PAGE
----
Raeanne: I fought with Mom about silly things I didn’t want to spend money on—like, she really wanted valet parking. Also, she wanted her name and my father’s name on the invitations, and I wanted them to come from us. She said, “No, we’re hosting this. I want our names on it.” The wedding brings out a whole other side of people.
Meg: My mom didn’t think navy blue was formal enough for our invites. I went back to Kate’s Paperie like 18 times.
Sita: My dad wanted these really traditional, enormous multilayered invitations from India, which I wanted nothing to do with. I ended up ordering them; they came, Dad saw them, they were not loved, and they were returned.

Did the wedding planning take a toll on your relationship?
Sita: It was six months of planning, with no mother involved. The two of us planned everything. I would have meltdowns and yell at him.
Alex: We fought. My husband would say, “You’re going to drive me insane. You just need to make a decision!” But you stress about every decision. All of a sudden, you can’t make one. At one point we decided to schedule times to talk about the wedding. We said, “You know what? We can’t talk about this all the time!”
Sita: My husband would say, “You’re more than the wedding.” It became my mantra: I’m more than this wedding; this wedding does not define me.


I’m sure you had a low point or two …
Alex: I did have one freak-out—just one. I woke up in the middle of the night, and thought, Oh my god, I hate my dress! I went on a ten-minute rant on my dressmaker’s answering machine.
Ramona: I didn’t have a specific low point, but rather a low hum of neuroses throughout. The biggest thing for me was the magnitude of the event, what it really meant. Being confronted with like the, Who am I? How does this invitation reflect who I really am? So that weight was constant and heavy. I know I sent my venue’s manager one too many e-mails, like, “The lamb? Is it going to be medium rare or rare?” I was so out of control.

Did anything go awry?
Ramona: We didn’t have a rehearsal, so the ceremony didn’t go as perfectly as I had imagined. I sort of tripped down the aisle, and I couldn’t really get to my husband—there was a drainpipe in the way—and then he forgot that I was going to circle him. He was trying to gently move out of my way, and I was like, No, stay here, just stay. I dropped his ring; I had to duck down to pick it up. It was quirky and a little awkward.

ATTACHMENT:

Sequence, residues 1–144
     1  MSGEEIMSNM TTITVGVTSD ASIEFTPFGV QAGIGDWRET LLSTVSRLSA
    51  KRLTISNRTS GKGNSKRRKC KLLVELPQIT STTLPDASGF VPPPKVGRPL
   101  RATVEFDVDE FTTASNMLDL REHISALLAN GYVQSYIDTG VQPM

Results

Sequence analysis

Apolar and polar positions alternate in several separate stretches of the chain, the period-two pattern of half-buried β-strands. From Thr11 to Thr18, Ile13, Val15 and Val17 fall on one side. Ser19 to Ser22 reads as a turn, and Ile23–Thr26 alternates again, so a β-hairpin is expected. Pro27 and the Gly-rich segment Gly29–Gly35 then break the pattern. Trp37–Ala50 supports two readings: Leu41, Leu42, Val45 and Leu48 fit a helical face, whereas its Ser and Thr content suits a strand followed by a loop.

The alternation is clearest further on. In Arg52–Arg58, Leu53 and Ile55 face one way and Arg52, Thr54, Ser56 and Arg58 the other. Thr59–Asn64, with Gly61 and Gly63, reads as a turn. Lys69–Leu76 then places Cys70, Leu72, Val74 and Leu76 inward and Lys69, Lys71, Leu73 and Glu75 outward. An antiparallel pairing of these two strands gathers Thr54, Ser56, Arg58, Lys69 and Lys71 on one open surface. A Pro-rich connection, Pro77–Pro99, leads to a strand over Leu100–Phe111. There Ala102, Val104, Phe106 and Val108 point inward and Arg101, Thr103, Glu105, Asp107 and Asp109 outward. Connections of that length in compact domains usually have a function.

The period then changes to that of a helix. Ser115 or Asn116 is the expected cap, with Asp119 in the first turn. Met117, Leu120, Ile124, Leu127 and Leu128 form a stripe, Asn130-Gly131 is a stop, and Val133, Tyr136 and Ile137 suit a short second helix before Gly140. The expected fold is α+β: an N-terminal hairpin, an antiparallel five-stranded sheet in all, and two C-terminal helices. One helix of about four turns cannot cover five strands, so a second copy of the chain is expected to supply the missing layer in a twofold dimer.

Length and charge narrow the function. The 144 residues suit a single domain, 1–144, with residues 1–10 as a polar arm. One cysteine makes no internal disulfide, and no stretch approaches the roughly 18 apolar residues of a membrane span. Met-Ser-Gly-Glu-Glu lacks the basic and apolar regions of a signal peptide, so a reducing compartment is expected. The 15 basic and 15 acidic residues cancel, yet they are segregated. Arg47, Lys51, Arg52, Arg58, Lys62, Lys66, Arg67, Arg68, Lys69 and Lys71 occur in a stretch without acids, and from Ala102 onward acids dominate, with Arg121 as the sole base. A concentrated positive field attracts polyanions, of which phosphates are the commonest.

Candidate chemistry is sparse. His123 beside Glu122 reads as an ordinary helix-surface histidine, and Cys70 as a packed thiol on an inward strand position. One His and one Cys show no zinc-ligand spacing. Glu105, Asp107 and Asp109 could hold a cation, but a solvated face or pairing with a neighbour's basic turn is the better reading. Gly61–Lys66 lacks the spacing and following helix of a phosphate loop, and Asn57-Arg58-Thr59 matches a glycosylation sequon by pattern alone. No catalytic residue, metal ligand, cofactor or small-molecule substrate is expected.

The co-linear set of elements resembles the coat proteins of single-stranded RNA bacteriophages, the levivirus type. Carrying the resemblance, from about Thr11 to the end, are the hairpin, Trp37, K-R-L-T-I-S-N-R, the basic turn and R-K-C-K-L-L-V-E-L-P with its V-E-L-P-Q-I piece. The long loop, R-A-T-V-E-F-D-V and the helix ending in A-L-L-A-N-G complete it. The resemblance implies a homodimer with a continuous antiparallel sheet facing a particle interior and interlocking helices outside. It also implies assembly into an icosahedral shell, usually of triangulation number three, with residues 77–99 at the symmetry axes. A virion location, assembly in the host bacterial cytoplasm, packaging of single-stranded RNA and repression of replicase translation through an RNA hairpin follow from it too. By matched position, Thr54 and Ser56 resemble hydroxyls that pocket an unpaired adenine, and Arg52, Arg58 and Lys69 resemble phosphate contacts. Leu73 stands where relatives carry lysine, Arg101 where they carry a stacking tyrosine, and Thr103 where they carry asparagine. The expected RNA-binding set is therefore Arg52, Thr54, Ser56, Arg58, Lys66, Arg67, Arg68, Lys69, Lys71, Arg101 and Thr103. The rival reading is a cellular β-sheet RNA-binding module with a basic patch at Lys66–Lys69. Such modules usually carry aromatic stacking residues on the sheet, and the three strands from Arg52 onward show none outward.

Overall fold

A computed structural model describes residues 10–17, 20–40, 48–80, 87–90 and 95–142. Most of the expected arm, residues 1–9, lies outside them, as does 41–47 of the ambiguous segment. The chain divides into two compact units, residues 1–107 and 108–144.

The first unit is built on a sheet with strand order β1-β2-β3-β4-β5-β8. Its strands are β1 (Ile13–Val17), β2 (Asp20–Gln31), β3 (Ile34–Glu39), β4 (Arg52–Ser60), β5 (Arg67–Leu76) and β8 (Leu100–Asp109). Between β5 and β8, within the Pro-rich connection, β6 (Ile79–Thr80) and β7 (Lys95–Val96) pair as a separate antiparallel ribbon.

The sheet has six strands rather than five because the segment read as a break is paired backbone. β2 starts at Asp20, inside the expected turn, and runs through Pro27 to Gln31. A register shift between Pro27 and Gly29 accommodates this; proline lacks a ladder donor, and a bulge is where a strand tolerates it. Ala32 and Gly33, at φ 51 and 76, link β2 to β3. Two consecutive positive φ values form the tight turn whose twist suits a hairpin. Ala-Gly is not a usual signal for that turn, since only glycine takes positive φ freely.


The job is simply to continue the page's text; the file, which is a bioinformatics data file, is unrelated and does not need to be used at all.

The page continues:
Raeanne: Our videographer was late. He missed the ketubah signing. My photographer, Kelly Guenther, totally stepped up in his absence. It was funny: We had a mariachi band for the cocktail hour because my husband is Salvadorean and half the guests were Latino. Everyone told me to tell them that the party was starting earlier than it actually was. But they were early.


What was the most memorable moment from the wedding day?
Meg: We didn’t think that much about the ceremony. We’re both Catholic; we thought, Okay, let’s just get married in this church and move on. And yet the ceremony was my favorite moment.
Daphne: On our escort-card table we had six black-and-white wedding photos of our parents and grandparents. We had grandparents pass away the year before, so it was a way of having them there. I didn’t want it to look like a shrine, or anything creepy or weird. Everyone said how nice that was.
Sita: For me it was our last dance. I couldn’t tell you what song it was; it didn’t matter. There was slow dancing, there was some bending over backward, there were some fast movements— we did everything you could possibly imagine to it. In that moment I knew he was my husband. I had married the heck out of this guy.
Alex: We had to be out of Angel Orensanz by 11:30, so we all went out afterward. I walked through the Lower East Side and Little Italy in my dress, with my husband yelling, “Get out of the way! There’s a bride!” We all ended up eating pizza on Mulberry Street at two in the morning. The pizzeria’s owner came out to give us soap as a gift.


What tips do you wish someone gave you before you got married?
Meg: Go away together. That totally saved us.
Sita: Yes! A month and a half or so before the wedding, even if it’s just for a weekend, just the two of you.
Raeanne: Wear your shoes before the wedding. You need to know where the blisters will form.
Sita: Hand off your cell phone to a bridesmaid on the day of, because there will be those silly last-minute calls and you don’t want to deal with them.
Nina: Have a moment to yourselves after the ceremony. Our planner handed us two glasses of Champagne after we walked down the aisle, and led us directly to the back of our venue before everything started. I cannot tell you how amazing that was.
Alex: We were adamant about the room being cool because we had a lot of very hairy, active Jewish men there, including my husband. The temperature can be the difference between misery and happiness.

Any regrets?
Meg: We didn’t think to have anyone take pictures or film the rehearsal dinner. It was a really fun night and I wish I had record of that.
Nina: I would have regretted not hiring a videographer. At first, I was flat-out against it; I didn’t want a camera around me. But our planner talked us into Dominic Perez of Go Show Media. We didn’t know they were there. And now I love having the video. We’ve sent it to family in India and Japan who weren’t able to make it. You get the speeches, you see it all in action … I’ve watched it three times.
Raeanne: I mean, for the ceremony alone. I think I’ve seen mine three times too. My husband won’t watch it anymore. I have to watch it in secret.

Last words of wisdom, ladies?
Daphne: Remember that it’s only a day. It’s five hours. Things will go wrong. Just focus on what’s really happening. You’re deciding to share your life with somebody—that’s huge.